We continue through to the city center. In this natural light, it feels like an entirely different world than the dark reversed-matter realm of the prior night. The Hanseatic architecture is perfectly bayside, the birth from the Victorian Era and Portland, Maine. There are marching drumbeats echoing through the corridors of the streets. Cruise ships hang suspended on cranes above the water, cut in half and being fitted for newer parts. Everyone is tall, happy and alive—it feels right, and the air is still dry, which is a hard difference from the moist air of Ireland.

Dam begins sucking on his index-knuckle. When I look over, it appears that blood is dripping from his mouth, but when he takes his hand away, a large gash oozes a thickish red mucus—blood and something else—which Dam tries to wrap up some spare tissues he has in his pocket. My lips feel cragged and parched, and I’m afraid the dryness will do the same thing to me as it has done to Dam.

We’re somewhere near the fish market when we find Hanne sitting on a bench, her sunglasses on as she watches the ships go out. Eva, Nina and Anders step in front of her while us foreigners stand aside waiting. Hanne turns to us and lets out a little gasp, jumps to her feet and hugs us all long and hard. There’s a warmth in her body that is rare in this world, a kind of perfect assurance in her embrace that settles any waves that might be crashing inside me.

We continue on toward the mountain, talking about the usual things: airports and boredom and work. All the while, I’m still rolling in Hanne’s hug, the benevolence of it failing to dissipate until we reach the base of what Nina has told us is Fløyen mountain.

There’s a tram that we take up the mountain for ten kroners each, going up 70 degrees, as kids watch us from bridges and the grass. It feels strange going up this way, being dragged up the mountain so smoothly, so effortlessly. Similar to the train ride before, it feels like the journey along defies convention, the Earth adjusting its orbit to accommodate our ascent. As we climb, Bergen stretches out into its natural U-shape that fronts the spread of the Bay, where the cream-colored wake trails of boats curl and cross to create a work of long-stroke art. The water acts as the canvas, and the mountains on all sides frame it in natural ruggedness.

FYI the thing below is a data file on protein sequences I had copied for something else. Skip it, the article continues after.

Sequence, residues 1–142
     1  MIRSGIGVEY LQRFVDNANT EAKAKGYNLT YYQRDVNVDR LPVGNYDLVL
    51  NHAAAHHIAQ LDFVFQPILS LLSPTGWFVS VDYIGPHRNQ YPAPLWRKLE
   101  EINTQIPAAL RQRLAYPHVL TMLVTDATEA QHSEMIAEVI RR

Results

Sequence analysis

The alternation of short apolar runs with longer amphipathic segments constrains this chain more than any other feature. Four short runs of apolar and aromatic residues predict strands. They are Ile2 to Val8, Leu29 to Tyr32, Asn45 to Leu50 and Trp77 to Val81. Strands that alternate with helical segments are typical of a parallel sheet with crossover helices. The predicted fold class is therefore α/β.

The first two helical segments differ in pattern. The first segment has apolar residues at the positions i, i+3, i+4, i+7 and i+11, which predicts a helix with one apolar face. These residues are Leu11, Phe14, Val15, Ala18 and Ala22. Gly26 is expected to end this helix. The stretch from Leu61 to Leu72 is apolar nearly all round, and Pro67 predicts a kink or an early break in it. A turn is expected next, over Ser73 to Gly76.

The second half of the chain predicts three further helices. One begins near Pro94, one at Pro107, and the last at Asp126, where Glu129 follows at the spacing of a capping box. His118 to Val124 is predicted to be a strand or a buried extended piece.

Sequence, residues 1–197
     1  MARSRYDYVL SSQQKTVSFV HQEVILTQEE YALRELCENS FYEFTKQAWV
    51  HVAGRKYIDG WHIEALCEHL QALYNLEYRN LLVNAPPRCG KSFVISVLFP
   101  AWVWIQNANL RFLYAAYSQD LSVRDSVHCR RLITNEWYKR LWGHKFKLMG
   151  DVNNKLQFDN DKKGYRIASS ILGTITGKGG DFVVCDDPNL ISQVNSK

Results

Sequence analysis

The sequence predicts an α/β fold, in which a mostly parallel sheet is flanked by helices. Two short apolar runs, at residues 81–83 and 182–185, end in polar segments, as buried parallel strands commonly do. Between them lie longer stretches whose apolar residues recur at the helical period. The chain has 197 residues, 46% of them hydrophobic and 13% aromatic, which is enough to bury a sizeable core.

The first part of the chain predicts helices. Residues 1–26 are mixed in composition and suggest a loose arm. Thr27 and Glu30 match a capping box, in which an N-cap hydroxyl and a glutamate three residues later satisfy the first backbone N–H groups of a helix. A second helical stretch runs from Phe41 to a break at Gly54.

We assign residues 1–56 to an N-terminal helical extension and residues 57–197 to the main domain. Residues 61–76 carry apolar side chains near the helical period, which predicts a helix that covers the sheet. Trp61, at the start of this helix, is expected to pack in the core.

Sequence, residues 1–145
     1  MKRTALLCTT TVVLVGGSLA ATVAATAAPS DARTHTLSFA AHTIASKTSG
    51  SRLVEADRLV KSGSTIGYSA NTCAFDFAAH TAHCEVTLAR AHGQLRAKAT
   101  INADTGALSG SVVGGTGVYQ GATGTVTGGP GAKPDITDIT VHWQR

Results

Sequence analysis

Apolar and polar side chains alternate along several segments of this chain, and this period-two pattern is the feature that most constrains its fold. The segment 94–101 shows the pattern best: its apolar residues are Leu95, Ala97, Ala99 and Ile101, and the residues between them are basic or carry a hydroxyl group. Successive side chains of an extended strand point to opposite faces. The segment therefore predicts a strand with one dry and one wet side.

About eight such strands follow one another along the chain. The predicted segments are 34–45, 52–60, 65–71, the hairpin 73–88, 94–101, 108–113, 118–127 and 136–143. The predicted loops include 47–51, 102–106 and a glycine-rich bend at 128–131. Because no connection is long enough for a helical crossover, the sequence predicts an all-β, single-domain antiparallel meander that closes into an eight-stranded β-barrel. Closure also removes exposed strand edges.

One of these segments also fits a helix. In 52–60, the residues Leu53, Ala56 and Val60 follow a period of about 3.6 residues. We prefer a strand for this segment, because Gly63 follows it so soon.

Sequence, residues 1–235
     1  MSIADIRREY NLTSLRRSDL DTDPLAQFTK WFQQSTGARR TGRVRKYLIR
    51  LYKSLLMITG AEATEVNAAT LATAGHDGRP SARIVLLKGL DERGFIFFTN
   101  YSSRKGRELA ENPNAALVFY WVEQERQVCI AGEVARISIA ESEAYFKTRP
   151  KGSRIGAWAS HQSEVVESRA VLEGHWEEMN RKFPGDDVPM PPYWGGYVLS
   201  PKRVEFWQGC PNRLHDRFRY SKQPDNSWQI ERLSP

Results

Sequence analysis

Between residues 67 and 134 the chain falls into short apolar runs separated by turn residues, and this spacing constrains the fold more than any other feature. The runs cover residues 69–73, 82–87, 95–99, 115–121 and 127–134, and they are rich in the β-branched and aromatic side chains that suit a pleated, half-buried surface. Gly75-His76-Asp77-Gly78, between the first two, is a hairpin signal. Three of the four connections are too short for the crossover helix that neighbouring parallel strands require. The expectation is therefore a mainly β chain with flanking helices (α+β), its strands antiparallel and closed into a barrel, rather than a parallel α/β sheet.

From atop the mountain, the city appears to possess a kind of singularity that is focused at Nordnes Park, where the two rivers U-curve at the point of the peninsula into more open waters. The ships all pull in magnetic directions like their trajectories are already ordained. You don’t realize how deeply mechanical and designed everything is until you see it from above.

Nina leads us in the direction of the pathway down. Shortly after our start, we break where a pack of goats dig their noses in piles of branches for food. All of the goats are white except for one: a pitch black one that traces my footpath with its front legs slightly spread in a defensive pose. However, it stands there, completely unphased, as I walk up and rub it on the back of its neck. Nearby, there is an outhouse with pictures of each goat and their respective names.

I get a good laugh out of the black goat’s name: “Obama.” Of course that’s what it is. There’s something kind of innocent about it.

We continue down the path as it winds up and down and all around the mountain face, leading away from the tram line and going into desolate territory. The trees grow tall and sturdy, perfectly straight like redwoods or some other rare yet elegant coniferous tree. Some of these trees are cleanly chopped, with chairs carved from the wood, still attached at the flat bases of the stumps.

A belly horn from a cruise ship holds the air for a moment as it sets course. Nina says, “Watch out for the invisible witch.” Rocks are stacked five feet high all over like petrified watchmen looking over the trail, which switch-backs and hair-pins all the way down. All these sensory details are presented without explanation, nor do I necessarily believe any explanation is called for. The sun sets all the same and these little things conform a comfortable indifference around me as we wind our way back down toward the city. There’s an economy of movement required to traverse this path. Everything is so simple within these trees.

We stop again at a statue of a girl on a rock, crouched and leaning way forward, looking out through a break in the trees, with the caduceus ingrained into her right shoulder. This bronze child turns black as the sun continues falling and the color is gradually depleted. Why the caduceus? What is she looking out to? Why is she hiding up in the mountains? Like everything else, there is no explaining it, though I feel like the philosophically stoic way of taking it all on—everything, all the time—is to recognize that some things are just the way they are and be done with it; to find the harmony in the thing itself and keep it close to your chest. Such thinking has worked pretty well for me thus far, so I don’t ask anyone any questions about the statue as we move on.